“My God,” Dan had said. “We're all getting old!”
There were just five of them at first: Dan, Bill, Tom Ellenberger, Roger Gammel and Dave Schmid.
It was fun. It was easy. No one had to commit.
Dan thought it would play out for a year. Then, as January 1984 rolled around, someone asked when they were meeting to celebrate Dave Schmid's birthday, which comes first on the calendar. Thus it went.
And in 1993, when Dave turned 50, they were still going, this time at the old Austin's steakhouse on 114th and Dodge. To mark the special birthday, a trumpeter buddy of Bill's entered playing taps.
Over the years, other North High friends, like Bud Fuglei, were folded in.
Their birthday lunches, held at various restaurants, became as regular as the holidays, one of the few constants as lives changed. Two of their marriages broke up. Children all grew up and moved out. Grandchildren came. Jobs changed. Some retired.
Table talk has never gotten political or overly personal. But it has grown more serious: Did you see that name in the obits? What's your PSA score?
Through it all have been the same friends, delivering the same knee-slapping reminiscences and one-liners.
|Columnists Michael Kelly, Erin Grace and Matthew Hansen write about people, places and events around Omaha. Read more of their work here.|
This comfort of enduring friendship was a reason that Bud, who had built a fortune in the tech business in Denver, decided to move back. He ran into Bill and Dan at a Husker game 15 years ago and said, “Don't I know you, señor?”
They picked right up, and Bud, by then an empty-nester, moved back to Omaha.
Bud turned 69 earlier this month. Then, on Monday, it was Bill's turn.
There to fete him at the Loose Moose near 120th and Fort were Sam Corbino, who as a young man helped discover a sunken Civil War-era steamboat called the Bertrand; Tom Ellenberger, a retired executive head-hunter living in Fort Calhoun; Dave Schmid, a retired concrete draftsman; Roger Gammel, who retired from Inacom; and Dan McGlynn, his fellow drummer and the organizer of these lunches.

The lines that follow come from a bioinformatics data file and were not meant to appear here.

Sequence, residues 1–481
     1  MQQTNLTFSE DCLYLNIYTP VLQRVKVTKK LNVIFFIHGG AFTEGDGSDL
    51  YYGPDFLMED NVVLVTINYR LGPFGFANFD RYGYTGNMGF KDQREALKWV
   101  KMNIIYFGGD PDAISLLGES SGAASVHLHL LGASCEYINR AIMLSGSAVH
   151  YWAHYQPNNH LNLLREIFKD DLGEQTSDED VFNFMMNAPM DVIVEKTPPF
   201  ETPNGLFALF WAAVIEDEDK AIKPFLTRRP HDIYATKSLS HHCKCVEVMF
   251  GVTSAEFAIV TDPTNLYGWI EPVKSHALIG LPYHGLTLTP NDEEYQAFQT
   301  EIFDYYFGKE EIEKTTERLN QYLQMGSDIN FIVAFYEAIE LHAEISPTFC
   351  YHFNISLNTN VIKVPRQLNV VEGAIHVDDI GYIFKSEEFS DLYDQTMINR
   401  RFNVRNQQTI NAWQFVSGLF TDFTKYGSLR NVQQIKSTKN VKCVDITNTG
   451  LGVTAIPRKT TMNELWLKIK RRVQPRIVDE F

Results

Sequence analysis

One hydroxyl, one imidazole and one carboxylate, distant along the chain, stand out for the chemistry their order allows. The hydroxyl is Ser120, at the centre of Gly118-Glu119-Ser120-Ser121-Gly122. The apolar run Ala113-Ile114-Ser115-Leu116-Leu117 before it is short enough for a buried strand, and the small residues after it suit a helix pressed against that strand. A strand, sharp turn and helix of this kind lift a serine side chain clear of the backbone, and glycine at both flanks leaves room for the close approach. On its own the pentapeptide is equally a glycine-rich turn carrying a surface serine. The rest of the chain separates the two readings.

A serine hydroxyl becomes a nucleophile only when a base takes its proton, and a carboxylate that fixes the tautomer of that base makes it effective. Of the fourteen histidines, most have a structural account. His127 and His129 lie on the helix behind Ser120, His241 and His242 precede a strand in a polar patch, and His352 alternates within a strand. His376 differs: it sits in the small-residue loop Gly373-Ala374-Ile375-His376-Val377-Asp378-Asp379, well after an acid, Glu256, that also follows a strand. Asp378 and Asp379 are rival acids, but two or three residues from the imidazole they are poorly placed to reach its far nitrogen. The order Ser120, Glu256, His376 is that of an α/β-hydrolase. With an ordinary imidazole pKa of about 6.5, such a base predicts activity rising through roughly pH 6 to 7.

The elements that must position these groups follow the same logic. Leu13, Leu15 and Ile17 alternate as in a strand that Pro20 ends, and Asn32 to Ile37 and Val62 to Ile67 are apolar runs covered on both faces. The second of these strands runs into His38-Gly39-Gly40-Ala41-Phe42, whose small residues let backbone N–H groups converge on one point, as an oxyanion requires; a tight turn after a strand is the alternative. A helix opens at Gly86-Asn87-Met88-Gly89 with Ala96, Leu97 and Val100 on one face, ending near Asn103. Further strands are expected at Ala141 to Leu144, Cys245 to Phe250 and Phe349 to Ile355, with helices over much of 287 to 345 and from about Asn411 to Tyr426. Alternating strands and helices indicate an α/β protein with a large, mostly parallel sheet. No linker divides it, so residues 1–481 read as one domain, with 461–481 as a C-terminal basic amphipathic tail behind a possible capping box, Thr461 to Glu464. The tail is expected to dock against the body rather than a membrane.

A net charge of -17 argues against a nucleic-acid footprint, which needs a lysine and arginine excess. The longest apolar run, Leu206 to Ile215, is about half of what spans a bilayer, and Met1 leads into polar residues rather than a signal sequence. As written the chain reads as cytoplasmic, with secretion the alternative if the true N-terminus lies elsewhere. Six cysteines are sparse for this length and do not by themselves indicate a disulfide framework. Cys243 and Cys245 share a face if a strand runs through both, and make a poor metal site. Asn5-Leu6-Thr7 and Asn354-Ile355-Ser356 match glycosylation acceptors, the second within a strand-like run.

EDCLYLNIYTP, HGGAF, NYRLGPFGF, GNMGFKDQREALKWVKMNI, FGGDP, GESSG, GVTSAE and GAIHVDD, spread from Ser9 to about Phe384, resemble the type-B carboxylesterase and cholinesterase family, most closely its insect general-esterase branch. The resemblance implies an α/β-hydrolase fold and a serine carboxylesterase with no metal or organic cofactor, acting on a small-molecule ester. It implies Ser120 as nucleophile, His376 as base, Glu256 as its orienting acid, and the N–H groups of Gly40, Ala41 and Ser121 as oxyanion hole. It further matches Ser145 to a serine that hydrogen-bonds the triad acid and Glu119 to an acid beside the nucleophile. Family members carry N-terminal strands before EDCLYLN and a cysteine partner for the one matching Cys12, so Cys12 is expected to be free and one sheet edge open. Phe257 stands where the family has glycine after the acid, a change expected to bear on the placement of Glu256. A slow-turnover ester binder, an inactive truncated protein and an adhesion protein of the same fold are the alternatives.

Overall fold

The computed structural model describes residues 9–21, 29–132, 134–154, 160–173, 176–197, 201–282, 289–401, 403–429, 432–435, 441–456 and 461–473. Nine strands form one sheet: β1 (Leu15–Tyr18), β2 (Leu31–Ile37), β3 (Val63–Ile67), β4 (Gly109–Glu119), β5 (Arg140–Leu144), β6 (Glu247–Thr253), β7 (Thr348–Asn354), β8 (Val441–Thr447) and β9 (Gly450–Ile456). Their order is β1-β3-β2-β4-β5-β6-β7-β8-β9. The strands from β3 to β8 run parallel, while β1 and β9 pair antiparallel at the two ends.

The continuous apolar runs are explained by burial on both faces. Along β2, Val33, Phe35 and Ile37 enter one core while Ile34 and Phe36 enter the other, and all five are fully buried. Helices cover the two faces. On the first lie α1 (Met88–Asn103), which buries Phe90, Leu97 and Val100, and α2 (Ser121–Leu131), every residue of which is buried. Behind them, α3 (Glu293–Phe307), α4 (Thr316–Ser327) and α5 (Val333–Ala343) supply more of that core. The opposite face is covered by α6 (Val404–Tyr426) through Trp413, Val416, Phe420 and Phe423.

Spread before them were scrapbooks and Bill's senior yearbook. They took turns squinting into a magnifying glass to make out the tiny faces in the photos.
The pictures brought back memories, like the homemade hooch whose recipe Roger could still rattle off.
Tom remembered the time red ants got into a batch. “We drank it, anyway!”
Sam recalled what happened if you bottled it too soon — as he did in his folks' basement “shower-slash-bomb shelter.”
“You have to wait until it stops fermenting,” Sam explained as guys teared up with laughter. “There was glass all over the basement!”
Afterward the birthday lunch ended, Bill went to the dentist and learned he has to have two teeth pulled. Then he went to his office at UNO.
Then he thought about Nora Shoemaker Morgan, Class of '61, who recently died in that car crash, and about Dennis Waterman, another classmate, who died in February.
And about these friends, this span of time, that Monday lunch.
“It is important to try to keep that going — even more,” he said.